The pregnant women's blood lead levels did not seem to be affected by exposure level, but the children's levels were primarily related to the soil lead concentration.
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To determine the prevalence of Chlamydia trachomatis infection and the epidemiologic risk factors for chlamydial infection in the Quebec City region, screening was done with an enzyme immunoassay in 920 females who attended an abortion clinic between November 1985 and June 1986. The organism was detected in 105 (11.4%) of the patients. After adjustment for confounding variables, four variables were found to be independent risk factors for chlamydial infection: age 24 years or less (prevalence ratio 3.0 [p less than 0.001]), two or more sexual partners during the previous year (prevalence ratio 1.8 [p = 0.001]), no contraception or the use of a nonbarrier method (prevalence ratio 1.9 [p = 0.030]) and living in an urban area (prevalence ratio 1.6 [p = 0.046]). The results confirm that chlamydial infection is prevalent in this population. The identified risk factors may prove useful in determining the target population for screening programs.
The purpose of this study was to evaluate the effect of cigarette smoking (active and passive exposure) and alcohol consumption during pregnancy on cord blood lead levels. In 1990, a survey was conducted in two hospitals in Québec City, Québec, Canada, a white-collar agglomeration. The sample included 430 mothers and their newborns. Information on the lifestyles of mothers during pregnancy was obtained by questionnaire. Cord blood lead concentrations were measured by atomic absorption spectrophotometry. A dose-response relation was found between cigarette smoking and alcohol consumption of mothers and cord blood lead levels. An average increase of about 15 percent (0.013 mumol/liter) in cord blood lead levels was estimated for every 10 cigarettes smoked per day. Mean blood lead levels in babies whose mothers did not smoke during pregnancy but who drank alcohol moderately was 17 percent higher than those of nonsmoking mothers who abstained from alcohol intake. Multivariate analyses revealed that both cigarette smoking and alcohol intake make significant and independent contributions to cord blood lead concentrations. Lifestyles of pregnant women thus appear to play an important role in the prenatal lead exposure of newborns. Because of the potential effects of lead exposure on pregnancy outcomes, our study provides further arguments to support public health advisories concerning the harmful effect of smoking and drinking alcohol during pregnancy.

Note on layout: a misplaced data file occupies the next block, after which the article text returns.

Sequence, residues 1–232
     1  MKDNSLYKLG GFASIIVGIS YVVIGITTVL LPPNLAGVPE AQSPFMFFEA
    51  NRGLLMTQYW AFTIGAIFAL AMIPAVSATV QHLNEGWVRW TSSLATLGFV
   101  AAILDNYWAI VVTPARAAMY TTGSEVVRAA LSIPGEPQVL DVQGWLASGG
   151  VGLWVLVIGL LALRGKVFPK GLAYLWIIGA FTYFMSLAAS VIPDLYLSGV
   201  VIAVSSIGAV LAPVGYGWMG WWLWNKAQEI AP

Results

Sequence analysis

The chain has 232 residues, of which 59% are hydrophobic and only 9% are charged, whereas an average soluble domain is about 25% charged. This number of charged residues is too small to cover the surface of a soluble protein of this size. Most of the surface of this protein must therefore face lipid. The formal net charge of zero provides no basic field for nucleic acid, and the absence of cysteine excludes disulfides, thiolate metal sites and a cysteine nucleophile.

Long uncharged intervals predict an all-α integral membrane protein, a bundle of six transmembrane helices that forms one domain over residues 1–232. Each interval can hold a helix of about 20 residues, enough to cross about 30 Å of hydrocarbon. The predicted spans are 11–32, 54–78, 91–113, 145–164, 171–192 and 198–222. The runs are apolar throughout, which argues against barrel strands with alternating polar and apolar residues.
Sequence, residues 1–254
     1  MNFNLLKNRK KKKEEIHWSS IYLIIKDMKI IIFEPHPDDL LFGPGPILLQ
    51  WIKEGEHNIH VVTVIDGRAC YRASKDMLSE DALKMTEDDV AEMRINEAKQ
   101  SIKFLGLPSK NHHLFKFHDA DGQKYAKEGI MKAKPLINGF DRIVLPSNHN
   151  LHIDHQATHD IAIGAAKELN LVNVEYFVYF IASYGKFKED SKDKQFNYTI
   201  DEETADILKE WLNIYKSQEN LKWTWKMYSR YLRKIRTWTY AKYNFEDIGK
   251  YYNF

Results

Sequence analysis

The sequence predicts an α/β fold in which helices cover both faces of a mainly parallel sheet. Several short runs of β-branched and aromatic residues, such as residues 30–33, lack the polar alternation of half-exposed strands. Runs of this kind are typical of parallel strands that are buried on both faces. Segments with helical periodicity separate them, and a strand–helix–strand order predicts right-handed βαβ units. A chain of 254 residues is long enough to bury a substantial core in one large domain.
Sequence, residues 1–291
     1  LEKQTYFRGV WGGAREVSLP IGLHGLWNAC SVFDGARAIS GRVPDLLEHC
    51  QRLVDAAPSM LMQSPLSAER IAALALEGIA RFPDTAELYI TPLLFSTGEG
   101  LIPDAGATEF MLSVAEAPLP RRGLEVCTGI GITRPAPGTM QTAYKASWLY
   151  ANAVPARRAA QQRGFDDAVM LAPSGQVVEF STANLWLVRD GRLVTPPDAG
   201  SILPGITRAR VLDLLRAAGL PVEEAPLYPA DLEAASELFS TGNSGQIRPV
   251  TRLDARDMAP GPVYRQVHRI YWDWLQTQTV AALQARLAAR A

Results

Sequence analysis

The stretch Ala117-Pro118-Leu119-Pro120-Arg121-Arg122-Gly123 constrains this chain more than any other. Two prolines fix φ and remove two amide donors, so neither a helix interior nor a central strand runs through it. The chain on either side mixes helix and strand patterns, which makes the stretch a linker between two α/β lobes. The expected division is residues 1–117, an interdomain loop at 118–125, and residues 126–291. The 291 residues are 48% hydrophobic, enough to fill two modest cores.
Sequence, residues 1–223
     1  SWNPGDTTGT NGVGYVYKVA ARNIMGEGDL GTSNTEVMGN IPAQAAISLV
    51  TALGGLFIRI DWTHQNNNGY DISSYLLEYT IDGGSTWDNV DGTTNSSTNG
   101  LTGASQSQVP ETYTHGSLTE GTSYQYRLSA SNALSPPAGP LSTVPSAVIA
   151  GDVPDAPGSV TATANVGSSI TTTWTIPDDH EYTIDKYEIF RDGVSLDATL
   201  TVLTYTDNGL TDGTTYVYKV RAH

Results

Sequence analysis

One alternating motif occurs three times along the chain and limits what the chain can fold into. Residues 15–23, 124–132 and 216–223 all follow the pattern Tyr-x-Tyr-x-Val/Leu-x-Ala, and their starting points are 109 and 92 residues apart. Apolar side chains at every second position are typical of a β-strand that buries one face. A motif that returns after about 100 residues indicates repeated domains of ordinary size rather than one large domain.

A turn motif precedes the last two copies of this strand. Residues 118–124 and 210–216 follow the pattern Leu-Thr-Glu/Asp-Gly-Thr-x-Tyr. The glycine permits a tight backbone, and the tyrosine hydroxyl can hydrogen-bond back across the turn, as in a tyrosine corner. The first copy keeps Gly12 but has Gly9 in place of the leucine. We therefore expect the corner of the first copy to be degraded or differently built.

The purpose of this study was to assess the effect of a 735-kV transmission line on the electric and magnetic field exposures of people living at the edge of the line's right of way. Exposure of 18 adults, mostly white-collar workers, living in different bungalows located 190-240 feet from the line (exposed subjects) was compared to that of 17 adults living in similar residences far away from any transmission line. Each subject carried a Positron meter for 24 hr during 1 workday, which measured 60-Hz electric and magnetic fields every minute. All measurements were carried out in parallel for exposed and unexposed subjects during the same weeks between September and December. During measurements the average loading on the line varied between 600 and 1100 A. The average magnetic field intensity while at home was 4.4 times higher among exposed subjects than unexposed (7.1 versus 1.6 mG, p = 0.0001) and 6.2 times higher when considering only the sleeping period (6.8 versus 1.1 mG, p = 0.0001). Based on the 24-hr measurement, average magnetic field exposure was three times higher among the exposed. Electric field intensity was also higher among the exposed while at home (26.3 versus 14.0 V/m, p = 0.03). Magnetic field intensity among the exposed was positively correlated with the loading on the line (r = 0.8, p = 0.001). Percentage of time above a magnetic field threshold (2 mG or 7.8 mG) was a good indicator to distinguish the two types of exposure.(ABSTRACT TRUNCATED AT 250 WORDS)
The authors conducted a survey during 1992 to evaluate blood levels of lead and mercury in Inuit adults of Nunavik (Arctic Quebec, Canada). Blood samples obtained from 492 participants (209 males and 283 females; mean age = 35 yr) were analyzed for lead and total mercury; mean (geometric) concentrations were 0.42 micromol/l (range = 0.04-2.28 micromol/l) and 79.6 nmol/l (range = 4-560 nmol/l), respectively. Concentrations of omega-3 fatty acid in plasma phospholipids--a biomarker of marine food consumption--were correlated with mercury (r = .56, p